Klaus Grawe was Professor of Clinical Psychology and Psychotherapy at the Department of Psychology at the University of Berne, Switzerland. He also directed the outpatient clinic for psychotherapy at the University of Berne as well as the post-graduate training program in psychotherapy for clinical psychologists and medical doctors at the Institute for Psychological Therapy in Zürich and Bern.
Born in Wilster/ Schleswig Holstein, Germany, in 1943 as the second of four children he grew up in post-war Hamburg with a love of literature, chess, music and swimming. He went to the humanistic track of a Jesuit preparatory school and decided to study history and philology at the University of Hamburg. However, he soon discovered that he had different interests. A soccer accident left him blind for three months. During that time he changed his plans and decided to study psychology. He began his studies at the University of Hamburg and focused on experimental psychology. He earned his master degree (Diplom) in 1968 and his Ph.D. in 1976. From 1969 to 1979, he was clinical and research associate at the Psychiatric Hospital at the University of Hamburg. During this period, he also trained in client-centered and behavior therapy. In 1971, he cofounded the first inpatient psychotherapy ward at the same hospital, and started his first comparative treatment study. He also began to teach, supervise and train graduate and postgraduate students in clinical psychology and behavior therapy. In 1979 he finished his habilitation at the University of Hamburg and – even before finishing it – received an appointment as Full Professor at the University of Berne in Switzerland. He not only drafted the new curriculum in Clinical Psychology and Psychotherapy, but also founded the outpatient center as well as an outstanding post-graduate training program. His research interests spanned a wide range of major topics in psychotherapy research, including outcome and process research, assessment, quality management, large-scale meta-analyses, and theoretical integration.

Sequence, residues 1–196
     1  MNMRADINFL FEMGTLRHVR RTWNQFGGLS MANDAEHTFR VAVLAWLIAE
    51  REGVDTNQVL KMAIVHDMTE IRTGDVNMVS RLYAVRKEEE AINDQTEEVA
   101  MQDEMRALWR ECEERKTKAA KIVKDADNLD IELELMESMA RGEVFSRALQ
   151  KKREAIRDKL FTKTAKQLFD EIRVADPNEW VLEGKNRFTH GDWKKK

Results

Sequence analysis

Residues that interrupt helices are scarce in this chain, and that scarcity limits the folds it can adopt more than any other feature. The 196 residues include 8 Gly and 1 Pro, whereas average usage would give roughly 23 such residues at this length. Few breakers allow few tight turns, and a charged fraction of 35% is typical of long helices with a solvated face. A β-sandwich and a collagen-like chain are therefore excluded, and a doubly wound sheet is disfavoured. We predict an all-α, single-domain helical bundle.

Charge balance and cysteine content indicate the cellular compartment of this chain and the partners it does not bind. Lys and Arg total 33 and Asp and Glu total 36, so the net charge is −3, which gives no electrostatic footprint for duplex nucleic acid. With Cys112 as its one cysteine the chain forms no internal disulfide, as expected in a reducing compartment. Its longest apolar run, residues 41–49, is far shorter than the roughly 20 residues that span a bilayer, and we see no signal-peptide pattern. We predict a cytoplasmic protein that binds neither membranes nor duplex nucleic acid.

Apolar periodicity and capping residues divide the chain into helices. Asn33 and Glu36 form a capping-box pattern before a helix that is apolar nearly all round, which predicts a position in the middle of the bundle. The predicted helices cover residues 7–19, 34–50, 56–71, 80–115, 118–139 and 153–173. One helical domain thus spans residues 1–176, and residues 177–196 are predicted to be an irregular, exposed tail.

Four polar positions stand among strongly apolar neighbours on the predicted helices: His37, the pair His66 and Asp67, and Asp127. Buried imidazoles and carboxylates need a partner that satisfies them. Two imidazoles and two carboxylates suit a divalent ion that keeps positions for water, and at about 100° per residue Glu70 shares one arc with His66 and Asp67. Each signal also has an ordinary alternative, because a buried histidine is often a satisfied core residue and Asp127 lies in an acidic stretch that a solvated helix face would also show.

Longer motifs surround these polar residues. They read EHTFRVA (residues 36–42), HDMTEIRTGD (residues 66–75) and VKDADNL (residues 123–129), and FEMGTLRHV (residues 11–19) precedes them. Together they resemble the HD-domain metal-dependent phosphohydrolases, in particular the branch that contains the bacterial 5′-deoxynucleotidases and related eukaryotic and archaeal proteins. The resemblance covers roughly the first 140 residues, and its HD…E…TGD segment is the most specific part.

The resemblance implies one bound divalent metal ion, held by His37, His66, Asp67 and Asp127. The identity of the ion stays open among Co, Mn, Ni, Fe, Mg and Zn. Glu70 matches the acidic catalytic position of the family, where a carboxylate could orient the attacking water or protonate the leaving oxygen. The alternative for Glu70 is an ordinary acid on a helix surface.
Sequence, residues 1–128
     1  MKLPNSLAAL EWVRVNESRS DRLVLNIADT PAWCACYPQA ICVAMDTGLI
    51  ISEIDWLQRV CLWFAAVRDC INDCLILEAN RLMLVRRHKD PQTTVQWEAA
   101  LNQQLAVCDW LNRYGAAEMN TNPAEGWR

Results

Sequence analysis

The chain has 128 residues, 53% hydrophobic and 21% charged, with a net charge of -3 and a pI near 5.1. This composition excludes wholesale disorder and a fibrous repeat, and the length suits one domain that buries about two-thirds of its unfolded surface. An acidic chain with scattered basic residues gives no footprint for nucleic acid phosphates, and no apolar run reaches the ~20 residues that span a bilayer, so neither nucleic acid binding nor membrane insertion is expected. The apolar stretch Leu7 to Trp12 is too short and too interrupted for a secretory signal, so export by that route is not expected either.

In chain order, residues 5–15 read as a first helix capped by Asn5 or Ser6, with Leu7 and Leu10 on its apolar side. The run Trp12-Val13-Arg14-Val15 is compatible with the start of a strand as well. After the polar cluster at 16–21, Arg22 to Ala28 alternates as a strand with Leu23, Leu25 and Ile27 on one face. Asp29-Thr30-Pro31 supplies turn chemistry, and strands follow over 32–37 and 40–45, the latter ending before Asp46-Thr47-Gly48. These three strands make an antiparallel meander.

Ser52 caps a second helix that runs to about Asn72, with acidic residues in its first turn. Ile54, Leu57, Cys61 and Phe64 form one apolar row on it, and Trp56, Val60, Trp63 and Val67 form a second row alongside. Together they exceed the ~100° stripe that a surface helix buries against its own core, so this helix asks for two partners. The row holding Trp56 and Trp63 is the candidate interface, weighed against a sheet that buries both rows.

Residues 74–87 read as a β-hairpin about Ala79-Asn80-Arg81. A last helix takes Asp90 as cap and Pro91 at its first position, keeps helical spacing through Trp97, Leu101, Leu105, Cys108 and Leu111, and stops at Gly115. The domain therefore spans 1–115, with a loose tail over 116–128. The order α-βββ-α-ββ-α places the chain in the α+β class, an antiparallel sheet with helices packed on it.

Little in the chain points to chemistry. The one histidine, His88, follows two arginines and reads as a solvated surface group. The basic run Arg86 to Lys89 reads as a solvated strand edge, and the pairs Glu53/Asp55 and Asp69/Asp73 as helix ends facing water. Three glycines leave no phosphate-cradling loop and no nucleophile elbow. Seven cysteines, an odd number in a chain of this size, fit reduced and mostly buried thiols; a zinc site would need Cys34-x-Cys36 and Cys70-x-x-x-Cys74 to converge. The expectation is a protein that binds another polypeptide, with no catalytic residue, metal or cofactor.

Klaus Grawe received substantial grants for psychotherapy research projects from the Swiss National Science Foundation. His achievements include more than 150 journal articles and book chapters, mostly in German. He was the author, co-author, editor or co-editor of 12 books. The three most recent have had a large influence on clinical psychology and psychology, especially in Europe and German-speaking countries.
He was member of the executive committee of the German Psychological Society (DGPs), co-editor of the German Journal of Clinical Psychology and Psychotherapy (Zeitschrift für Klinische Psychologie und Psychotherapie) from 1984-1993, co-editor of the book series “Progress in Scientific Psychotherapy” and board member of several scientific journals including Psychotherapy Research. He received various prestigious awards, including the lifetime award for his contribution to applied psychology from the Association of German Professional Psychologists (Berufsverband Deutscher Psychologinnen und Psychologen, BDP)
His 1994 meta-analysis on the outcome of psychotherapy was the most comprehensive and ambitious in German, and triggered a heated debate in academic circles as well as in the larger community about the efficacy and effectiveness of psychotherapy in general and various approaches. He also contributed to the German psychotherapy legislation as a scientific advisor. Although he viewed a sober analysis of the effects of psychotherapy as a necessity, his scientific heart belonged to more fundamental questions such as: How does the therapeutic process develop? Which ingredients make a good psychotherapy beyond the limits of schools of psychotherapy? How can we best train psychotherapists for their demanding tasks? His most recent contributions focused on the integration of the new emerging fields of neurobiology and brain sciences with clinical psychology and psychotherapy. With his innovative and profoundly important last book “Neuropsychotherapy: How the Neurosciences inform Effective Psychotherapy” he bridged the gap between the neurosciences and the understanding of psychological disorders and their treatment.
The book illustrates that psychotherapy can be even more effective when it is grounded in a neuroscientific approach. Cutting across disciplines that are characteristically disparate, the book identifies the neural foundations of various disorders, suggests specific psychotherapeutic conclusions, and makes neuroscientific knowledge more accessible to psychotherapists.